Individuals have the right to place a “security freeze” on their credit report, which will prevent a consumer reporting agency from releasing information on their credit report without their express permission. The security freeze is designed to prevent credits, loans and services from being approved on their behalf without their consent. However, individuals should be aware that using a security freeze to control who has access to personal and financial information in their credit report may delay, interfere with, or prohibit the timely approval of any request or subsequent request that ‘they are making regarding a new loan, credit, mortgage or any other account involving the extension of credit. According to federal law, individuals cannot be accused of placing or lifting a security freeze on their credit report. If anyone wishes to impose a security freeze, please contact the major consumer information agencies listed below:

In order to request a security freeze, individuals will need to provide the following information:

  1. Full name (including the initial of the middle name as well as Jr., Sr., II, III, etc.);
  2. Social Security number;
  3. Date of Birth;
  4. Information if they have moved within the last five (5) years, indicate the addresses where you have lived during the last five years;
  5. Proof of current address, such as a current utility bill or phone bill;
  6. A legible photocopy of a government issued ID card (driver’s license or ID card, military ID, etc.);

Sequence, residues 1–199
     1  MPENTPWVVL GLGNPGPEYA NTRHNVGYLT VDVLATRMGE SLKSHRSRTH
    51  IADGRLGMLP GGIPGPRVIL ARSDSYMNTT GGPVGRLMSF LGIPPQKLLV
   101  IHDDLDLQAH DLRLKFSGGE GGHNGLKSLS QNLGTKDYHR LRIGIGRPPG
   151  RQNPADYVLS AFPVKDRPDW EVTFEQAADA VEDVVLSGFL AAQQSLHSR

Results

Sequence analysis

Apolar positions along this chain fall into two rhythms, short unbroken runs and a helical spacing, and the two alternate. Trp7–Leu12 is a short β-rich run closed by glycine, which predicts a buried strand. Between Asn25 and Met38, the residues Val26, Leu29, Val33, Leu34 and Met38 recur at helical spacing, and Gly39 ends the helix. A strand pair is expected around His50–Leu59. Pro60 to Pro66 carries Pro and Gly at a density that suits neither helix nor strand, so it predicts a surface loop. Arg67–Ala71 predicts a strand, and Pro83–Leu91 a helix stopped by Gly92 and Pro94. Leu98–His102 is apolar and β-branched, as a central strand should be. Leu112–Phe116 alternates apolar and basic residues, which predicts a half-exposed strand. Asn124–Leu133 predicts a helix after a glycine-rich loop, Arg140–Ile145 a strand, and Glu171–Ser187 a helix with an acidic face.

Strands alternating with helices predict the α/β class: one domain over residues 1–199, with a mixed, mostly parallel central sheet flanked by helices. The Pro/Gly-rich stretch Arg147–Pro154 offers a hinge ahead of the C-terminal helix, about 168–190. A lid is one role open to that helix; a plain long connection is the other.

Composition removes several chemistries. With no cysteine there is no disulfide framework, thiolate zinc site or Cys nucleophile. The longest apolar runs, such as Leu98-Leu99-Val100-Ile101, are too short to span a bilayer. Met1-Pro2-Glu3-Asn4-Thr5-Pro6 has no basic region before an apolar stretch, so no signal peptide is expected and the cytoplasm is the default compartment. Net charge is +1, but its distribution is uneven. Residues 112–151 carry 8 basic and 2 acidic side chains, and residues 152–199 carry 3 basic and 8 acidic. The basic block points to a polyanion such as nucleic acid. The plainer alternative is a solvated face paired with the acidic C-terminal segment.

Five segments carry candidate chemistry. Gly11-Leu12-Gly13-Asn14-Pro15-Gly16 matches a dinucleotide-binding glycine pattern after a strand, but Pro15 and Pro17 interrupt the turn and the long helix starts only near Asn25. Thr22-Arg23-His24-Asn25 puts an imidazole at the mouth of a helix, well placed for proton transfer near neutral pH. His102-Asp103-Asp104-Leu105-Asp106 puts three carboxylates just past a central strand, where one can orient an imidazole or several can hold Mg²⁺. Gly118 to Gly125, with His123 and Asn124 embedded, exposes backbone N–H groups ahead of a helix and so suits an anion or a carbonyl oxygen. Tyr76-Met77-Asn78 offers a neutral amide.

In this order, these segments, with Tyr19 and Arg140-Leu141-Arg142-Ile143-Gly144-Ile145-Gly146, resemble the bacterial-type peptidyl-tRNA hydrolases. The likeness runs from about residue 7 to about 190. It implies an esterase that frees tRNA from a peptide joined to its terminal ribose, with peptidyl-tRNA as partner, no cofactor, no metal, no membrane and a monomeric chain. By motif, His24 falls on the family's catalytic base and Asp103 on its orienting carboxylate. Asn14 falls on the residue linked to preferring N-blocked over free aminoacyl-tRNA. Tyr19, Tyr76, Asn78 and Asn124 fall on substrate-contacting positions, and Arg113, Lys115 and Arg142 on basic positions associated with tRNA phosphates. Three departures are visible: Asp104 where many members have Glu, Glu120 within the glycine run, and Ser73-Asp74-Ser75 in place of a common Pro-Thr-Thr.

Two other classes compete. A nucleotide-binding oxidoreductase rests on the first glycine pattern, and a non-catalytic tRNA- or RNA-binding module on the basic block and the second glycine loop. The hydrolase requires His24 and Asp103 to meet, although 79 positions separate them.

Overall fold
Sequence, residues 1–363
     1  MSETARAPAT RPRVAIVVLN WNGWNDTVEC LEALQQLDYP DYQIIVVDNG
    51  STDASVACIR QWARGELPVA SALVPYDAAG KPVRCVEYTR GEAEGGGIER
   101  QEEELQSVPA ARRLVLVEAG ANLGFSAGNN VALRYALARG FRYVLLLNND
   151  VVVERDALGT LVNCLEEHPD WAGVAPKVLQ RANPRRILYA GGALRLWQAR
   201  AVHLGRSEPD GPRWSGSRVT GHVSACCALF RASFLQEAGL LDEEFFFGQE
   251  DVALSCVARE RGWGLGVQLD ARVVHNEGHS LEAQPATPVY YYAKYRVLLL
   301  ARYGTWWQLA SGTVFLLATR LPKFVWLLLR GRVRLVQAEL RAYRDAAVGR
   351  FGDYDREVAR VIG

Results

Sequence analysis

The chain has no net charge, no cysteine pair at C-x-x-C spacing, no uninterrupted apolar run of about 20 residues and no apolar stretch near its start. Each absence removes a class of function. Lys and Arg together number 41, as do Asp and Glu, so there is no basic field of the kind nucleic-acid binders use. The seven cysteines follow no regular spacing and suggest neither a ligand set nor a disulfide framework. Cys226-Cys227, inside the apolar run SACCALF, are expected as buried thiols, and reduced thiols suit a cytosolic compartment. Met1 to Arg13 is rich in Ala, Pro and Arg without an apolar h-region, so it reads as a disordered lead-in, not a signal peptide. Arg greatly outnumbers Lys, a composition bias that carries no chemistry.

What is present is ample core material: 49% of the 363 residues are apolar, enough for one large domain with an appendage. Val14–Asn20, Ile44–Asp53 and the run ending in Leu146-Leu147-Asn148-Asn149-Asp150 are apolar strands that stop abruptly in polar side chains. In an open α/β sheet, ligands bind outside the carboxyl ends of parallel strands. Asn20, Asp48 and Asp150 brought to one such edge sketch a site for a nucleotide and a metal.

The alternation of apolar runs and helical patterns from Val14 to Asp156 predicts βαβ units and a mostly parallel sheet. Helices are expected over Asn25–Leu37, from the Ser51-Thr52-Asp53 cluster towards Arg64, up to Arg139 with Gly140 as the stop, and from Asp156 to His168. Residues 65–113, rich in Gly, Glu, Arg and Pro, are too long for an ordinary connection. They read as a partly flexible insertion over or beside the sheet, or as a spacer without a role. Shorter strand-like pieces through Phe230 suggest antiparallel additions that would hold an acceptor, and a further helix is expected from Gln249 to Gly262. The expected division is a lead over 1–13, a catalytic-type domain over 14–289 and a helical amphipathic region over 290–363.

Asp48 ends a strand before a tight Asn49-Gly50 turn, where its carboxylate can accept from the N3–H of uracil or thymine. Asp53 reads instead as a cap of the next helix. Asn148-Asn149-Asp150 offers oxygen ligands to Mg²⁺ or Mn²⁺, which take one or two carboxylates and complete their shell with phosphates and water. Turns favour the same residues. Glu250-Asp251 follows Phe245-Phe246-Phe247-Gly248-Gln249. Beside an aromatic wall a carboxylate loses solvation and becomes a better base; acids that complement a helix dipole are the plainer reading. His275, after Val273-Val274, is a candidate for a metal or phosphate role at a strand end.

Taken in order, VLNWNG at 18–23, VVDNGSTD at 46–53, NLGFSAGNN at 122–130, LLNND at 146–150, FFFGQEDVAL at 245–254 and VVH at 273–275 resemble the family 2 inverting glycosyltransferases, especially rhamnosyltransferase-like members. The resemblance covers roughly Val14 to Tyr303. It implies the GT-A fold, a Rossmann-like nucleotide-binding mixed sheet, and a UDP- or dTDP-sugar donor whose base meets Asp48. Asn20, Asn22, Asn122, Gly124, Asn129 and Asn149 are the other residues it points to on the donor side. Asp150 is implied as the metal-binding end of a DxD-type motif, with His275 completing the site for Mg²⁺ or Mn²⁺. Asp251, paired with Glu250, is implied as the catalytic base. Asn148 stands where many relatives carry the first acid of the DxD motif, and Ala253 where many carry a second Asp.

7. If the person is the victim of identity theft, attach a copy of the police report, investigation report, or complaint filed with a law enforcement agency regarding identity theft.

As an alternative to a security freeze, individuals have the right to place an initial or extended “fraud alert” in their file at no cost. An initial fraud alert is a one-year alert that is placed on a consumer’s credit file. When a fraud alert appears on a consumer’s credit report, a business is required to take steps to verify the identity of the consumer before granting new credit. If you are the victim of identity theft, you are entitled to an extended fraud alert, which is a fraud alert that lasts for seven years. If a person wishes to place a fraud alert, they should contact one of the agencies listed below:

Additional information

Individuals can learn more about identity theft, fraud alerts, security freezes and the steps they can take to protect themselves by contacting consumer reporting agencies, the Federal Trade Commission or the attorney general of their state.

The Federal Trade Commission can be contacted at: 600 Pennsylvania Avenue NW, Washington DC 20580,, 1-877-ID-VOL (1-877-438-4338); TTY: 1-866-653-4261. The Federal Trade Commission also encourages those who discover that their information has been misused to file a complaint with them. Individuals can obtain further information on how to make such a complaint by using the contact details provided above. Individuals have the right to file a police report if you are ever the victim of identity theft or fraud. Please note that in order to file a report with law enforcement for identity theft, individuals will likely need to provide proof that they have been victimized. Known or suspected cases of identity theft should also be reported to law enforcement and an individual’s state attorney general. This notice was not delayed by the police.

For new York residents, the Attorney General can be contacted at: Attorney General’s Office, The Capitol, Albany, New York State 12224-0341; 1-800-771-7755;

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SOURCE Mullen Coughlin LLC